Courtesy Cassidee Dabney, executive chef, The Barn at Blackberry Farm, Walland, TN
Cooks who don’t let anything go to waste will already have seized the turkey carcass to make stock. It’s more robust in flavor, it adds a little something to a classic chicken noodle soup. Along with a hearty topping of lemon juice and crisp cubes of stuffing, this dish is the ideal balance of interest and comfort.
Published: October 4, 2018
Ingredients for Soup
Directions for Soup
In large stockpot, warm oil over medium heat. Sauté onion, garlic, carrot and celery until starting to brown and become soft. Add stock and turkey meat. Bring to boil.
Add noodles and cook for 2–6 minutes, or according to package instructions.
Add salt, pepper and herbs. Adjust seasoning as needed. Finish with lemon juice. Garnish with stuffing croutons. Any leftovers will freeze well. Serves 4.
Ingredients and Directions for Stuffing Croutons
Arrange leftover stuffing in 1-inch layer between two pieces of parchment paper. Press between two cookie sheets, and gently weigh down top pan. Refrigerate overnight. Remove from parchment paper, and cut into 1-inch cubes. Drizzle with ½ cup melted butter, and season with salt and pepper. Spread on cookie sheet in a single layer. Bake at 350˚F for 8–10 minutes, or until crispy outside and soft inside.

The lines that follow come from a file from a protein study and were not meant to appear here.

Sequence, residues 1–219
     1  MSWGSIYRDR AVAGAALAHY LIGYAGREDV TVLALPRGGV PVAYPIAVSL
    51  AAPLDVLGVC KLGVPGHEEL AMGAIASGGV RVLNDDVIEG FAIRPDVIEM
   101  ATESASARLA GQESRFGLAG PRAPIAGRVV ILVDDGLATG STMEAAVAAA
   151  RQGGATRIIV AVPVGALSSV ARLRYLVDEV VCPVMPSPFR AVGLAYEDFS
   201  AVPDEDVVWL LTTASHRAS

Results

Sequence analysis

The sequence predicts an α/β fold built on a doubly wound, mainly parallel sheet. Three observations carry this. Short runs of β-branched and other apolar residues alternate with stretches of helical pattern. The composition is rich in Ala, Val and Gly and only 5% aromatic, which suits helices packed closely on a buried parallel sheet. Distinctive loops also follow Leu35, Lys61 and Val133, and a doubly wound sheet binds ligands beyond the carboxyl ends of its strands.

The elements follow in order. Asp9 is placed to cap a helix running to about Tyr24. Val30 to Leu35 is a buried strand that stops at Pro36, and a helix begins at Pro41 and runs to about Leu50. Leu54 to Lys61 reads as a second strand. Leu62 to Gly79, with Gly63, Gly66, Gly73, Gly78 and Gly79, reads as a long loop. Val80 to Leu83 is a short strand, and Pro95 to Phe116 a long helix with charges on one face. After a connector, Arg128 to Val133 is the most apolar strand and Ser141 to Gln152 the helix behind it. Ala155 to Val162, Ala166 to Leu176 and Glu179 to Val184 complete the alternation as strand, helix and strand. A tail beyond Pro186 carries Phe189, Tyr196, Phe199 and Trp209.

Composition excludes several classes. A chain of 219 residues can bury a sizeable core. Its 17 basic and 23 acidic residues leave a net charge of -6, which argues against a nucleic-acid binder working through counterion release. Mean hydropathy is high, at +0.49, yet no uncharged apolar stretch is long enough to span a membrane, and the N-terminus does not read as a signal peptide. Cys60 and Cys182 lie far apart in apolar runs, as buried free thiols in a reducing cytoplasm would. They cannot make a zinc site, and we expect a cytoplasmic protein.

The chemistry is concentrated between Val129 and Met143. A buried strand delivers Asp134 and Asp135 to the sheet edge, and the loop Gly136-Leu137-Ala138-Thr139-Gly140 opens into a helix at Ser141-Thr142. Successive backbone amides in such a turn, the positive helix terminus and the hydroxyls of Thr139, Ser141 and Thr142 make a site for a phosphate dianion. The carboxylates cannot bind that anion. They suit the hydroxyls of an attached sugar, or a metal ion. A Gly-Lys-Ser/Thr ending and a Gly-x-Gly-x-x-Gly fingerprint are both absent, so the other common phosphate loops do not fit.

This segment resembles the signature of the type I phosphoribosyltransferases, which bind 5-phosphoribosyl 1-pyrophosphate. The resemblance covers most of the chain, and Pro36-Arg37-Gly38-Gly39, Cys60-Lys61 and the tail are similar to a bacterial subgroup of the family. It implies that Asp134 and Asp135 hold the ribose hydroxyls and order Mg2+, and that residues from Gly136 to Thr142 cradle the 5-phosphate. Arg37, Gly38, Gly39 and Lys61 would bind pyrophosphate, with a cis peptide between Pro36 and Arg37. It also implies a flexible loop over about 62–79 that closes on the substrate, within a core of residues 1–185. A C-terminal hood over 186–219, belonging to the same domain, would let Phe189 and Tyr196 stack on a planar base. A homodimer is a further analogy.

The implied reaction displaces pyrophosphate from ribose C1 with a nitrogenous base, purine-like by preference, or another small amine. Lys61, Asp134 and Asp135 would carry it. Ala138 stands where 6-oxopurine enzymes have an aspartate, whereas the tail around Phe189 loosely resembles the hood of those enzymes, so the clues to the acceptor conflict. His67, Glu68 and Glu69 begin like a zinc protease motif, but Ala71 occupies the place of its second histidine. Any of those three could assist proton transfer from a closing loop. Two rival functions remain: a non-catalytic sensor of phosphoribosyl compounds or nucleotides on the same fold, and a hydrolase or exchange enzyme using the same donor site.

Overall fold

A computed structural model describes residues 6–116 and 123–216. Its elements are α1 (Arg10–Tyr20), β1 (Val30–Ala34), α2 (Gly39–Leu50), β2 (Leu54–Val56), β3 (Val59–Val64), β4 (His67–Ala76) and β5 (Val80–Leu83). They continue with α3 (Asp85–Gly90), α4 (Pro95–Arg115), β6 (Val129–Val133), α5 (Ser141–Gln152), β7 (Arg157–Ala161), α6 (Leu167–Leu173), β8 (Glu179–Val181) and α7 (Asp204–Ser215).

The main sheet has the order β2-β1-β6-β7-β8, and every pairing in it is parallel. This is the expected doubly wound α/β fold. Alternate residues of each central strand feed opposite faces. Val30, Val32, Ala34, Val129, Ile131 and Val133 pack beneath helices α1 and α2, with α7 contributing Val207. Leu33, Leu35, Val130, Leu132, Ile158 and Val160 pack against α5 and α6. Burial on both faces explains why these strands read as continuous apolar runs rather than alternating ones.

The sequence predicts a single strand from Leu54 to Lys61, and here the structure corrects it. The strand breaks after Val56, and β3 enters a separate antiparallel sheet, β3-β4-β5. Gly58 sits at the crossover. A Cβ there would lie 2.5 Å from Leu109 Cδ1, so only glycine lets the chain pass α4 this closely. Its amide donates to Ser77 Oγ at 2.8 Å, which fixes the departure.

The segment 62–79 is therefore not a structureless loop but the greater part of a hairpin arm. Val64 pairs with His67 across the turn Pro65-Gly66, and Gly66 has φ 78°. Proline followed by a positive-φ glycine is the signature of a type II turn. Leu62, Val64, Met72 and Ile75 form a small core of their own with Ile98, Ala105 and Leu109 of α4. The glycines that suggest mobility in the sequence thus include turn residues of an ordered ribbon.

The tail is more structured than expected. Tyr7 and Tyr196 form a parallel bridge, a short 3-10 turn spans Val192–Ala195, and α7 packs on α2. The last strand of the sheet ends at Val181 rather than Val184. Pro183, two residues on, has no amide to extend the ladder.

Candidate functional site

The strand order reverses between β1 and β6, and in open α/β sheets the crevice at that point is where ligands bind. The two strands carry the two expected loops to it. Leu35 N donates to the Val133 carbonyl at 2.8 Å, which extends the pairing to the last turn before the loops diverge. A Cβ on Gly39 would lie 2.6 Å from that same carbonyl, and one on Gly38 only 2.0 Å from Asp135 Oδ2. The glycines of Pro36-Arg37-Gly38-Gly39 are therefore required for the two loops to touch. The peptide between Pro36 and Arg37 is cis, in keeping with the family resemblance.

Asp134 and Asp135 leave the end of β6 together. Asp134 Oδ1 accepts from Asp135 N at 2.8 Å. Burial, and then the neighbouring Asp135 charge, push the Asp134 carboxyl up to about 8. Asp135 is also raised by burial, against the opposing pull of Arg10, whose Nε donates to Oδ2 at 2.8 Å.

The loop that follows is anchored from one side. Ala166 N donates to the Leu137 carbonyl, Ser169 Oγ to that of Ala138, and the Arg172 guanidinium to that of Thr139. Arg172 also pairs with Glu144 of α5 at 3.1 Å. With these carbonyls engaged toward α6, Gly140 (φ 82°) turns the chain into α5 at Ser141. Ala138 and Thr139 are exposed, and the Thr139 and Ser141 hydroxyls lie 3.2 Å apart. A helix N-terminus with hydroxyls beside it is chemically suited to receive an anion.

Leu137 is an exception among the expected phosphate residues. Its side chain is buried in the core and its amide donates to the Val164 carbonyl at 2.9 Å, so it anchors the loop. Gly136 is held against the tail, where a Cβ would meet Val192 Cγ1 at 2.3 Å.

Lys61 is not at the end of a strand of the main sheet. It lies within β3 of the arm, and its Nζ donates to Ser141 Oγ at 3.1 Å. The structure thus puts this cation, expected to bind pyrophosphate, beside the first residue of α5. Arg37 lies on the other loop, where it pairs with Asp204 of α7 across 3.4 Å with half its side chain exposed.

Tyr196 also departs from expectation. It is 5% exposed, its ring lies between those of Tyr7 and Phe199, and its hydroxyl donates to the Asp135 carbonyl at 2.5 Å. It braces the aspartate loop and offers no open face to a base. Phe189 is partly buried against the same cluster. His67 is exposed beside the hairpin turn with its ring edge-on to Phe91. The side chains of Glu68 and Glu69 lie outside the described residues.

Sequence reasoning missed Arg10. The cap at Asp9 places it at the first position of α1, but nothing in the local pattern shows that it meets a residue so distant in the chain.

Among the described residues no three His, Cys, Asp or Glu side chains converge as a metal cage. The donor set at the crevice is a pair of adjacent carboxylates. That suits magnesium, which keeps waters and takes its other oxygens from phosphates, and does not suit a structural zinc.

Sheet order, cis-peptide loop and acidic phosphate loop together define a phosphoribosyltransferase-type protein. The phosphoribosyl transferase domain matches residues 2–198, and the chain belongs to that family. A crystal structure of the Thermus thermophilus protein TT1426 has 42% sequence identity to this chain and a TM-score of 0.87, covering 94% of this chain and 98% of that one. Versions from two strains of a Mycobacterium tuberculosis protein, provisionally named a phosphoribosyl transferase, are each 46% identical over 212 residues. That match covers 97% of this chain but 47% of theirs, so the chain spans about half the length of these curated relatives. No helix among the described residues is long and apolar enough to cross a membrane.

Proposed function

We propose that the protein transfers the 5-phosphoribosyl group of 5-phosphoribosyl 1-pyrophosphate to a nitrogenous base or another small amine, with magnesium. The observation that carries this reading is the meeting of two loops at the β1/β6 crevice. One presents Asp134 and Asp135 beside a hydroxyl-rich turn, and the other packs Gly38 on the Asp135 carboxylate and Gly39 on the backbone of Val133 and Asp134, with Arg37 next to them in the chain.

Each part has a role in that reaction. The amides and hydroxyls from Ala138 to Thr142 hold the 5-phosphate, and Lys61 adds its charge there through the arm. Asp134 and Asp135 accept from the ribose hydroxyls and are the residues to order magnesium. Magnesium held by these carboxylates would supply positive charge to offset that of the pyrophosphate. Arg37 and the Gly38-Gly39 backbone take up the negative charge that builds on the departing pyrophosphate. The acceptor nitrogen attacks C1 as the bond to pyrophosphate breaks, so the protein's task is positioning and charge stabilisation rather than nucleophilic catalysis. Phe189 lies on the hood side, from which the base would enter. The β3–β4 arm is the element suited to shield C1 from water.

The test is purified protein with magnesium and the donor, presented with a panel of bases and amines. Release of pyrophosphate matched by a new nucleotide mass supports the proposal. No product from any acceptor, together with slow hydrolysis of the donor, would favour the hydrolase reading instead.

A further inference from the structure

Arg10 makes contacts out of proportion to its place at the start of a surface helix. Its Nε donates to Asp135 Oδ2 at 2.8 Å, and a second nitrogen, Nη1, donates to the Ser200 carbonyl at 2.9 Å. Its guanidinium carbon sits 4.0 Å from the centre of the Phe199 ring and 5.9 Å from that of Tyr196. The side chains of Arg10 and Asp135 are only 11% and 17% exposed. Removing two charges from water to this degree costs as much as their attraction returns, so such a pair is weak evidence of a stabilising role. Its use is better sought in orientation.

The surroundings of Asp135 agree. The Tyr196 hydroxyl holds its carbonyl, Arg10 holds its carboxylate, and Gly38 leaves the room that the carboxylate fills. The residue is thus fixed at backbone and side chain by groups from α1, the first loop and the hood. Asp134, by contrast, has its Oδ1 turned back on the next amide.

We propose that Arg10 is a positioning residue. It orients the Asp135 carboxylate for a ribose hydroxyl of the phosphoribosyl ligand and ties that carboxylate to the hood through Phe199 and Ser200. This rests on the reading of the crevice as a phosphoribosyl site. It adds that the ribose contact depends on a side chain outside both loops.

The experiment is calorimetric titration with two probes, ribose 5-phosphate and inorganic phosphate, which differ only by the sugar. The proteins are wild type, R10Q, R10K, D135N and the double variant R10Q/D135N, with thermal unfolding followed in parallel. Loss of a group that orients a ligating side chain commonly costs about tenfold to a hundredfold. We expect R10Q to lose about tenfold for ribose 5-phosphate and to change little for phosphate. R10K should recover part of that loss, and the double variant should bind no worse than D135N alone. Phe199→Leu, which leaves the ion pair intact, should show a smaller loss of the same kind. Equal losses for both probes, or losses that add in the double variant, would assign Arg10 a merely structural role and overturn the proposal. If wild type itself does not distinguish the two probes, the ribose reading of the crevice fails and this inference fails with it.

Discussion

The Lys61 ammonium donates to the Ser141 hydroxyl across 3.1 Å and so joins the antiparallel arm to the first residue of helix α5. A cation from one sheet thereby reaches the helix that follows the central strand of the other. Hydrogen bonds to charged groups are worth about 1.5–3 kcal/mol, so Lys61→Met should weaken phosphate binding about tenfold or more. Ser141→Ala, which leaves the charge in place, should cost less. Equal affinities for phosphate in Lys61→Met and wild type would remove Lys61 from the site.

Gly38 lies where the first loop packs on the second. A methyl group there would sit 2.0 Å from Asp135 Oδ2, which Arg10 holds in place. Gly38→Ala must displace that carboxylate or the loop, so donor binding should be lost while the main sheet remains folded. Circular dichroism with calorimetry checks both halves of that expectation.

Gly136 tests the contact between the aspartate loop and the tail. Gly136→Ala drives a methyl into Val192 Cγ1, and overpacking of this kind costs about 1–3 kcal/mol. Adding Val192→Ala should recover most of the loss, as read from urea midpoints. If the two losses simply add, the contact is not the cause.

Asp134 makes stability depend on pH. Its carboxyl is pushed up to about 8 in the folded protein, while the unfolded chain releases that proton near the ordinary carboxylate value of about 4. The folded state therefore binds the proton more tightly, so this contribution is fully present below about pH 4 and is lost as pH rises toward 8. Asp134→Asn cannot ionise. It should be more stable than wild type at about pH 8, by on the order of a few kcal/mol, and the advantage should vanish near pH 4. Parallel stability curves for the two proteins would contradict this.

Ingredients for Turkey Stock
Directions for Turkey Stock
Heat oil in stockpot over medium heat. Add onion and carrot. Sauté until vegetables begin to brown. Add garlic, and cook for 4–5 minutes.
Deglaze with wine, then add chicken stock, turkey carcass, porcini, thyme and bay leaves.
Simmer for 1½–2 hours. Strain and reserve stock. This step can be done a day in advance. Makes 1 gallon.
Herman Story 2016 Tomboy (Santa Barbara County). Andy Chabot, sommelier/food and beverage director at The Barn at Blackberry Farm, looks to a white Rhône-style wine, like this Viognier. “It has a great richness on the palate and lychee-type spiciness that works great with the weight of the dish,” he says. “It also is great with any other Thanksgiving and fall flavors that might be on your table.”